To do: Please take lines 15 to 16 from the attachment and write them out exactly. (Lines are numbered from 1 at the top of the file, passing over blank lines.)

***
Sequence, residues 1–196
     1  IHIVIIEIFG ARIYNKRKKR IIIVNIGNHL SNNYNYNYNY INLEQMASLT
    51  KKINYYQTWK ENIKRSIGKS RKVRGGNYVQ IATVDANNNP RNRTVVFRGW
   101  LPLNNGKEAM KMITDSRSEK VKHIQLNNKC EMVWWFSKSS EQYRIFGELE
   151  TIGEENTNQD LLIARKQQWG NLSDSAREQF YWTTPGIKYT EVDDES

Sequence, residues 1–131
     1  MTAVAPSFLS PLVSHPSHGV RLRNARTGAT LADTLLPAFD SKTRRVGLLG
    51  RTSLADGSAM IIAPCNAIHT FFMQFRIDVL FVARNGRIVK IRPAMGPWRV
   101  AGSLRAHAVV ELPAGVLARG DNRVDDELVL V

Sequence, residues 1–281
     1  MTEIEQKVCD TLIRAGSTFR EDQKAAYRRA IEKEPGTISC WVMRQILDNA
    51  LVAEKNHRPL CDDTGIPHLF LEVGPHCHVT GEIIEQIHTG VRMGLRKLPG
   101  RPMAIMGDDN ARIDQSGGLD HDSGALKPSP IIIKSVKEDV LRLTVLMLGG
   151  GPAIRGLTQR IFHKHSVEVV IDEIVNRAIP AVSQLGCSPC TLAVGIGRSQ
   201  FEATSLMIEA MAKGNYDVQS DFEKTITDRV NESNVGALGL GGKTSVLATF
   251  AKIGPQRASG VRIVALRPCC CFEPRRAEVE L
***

   201  FEATSLMIEA MAKGNYDVQS DFEKTITDRV NESNVGALGL GGKTSVLATF
   251  AKIGPQRASG VRIVALRPCC CFEPRRAEVE L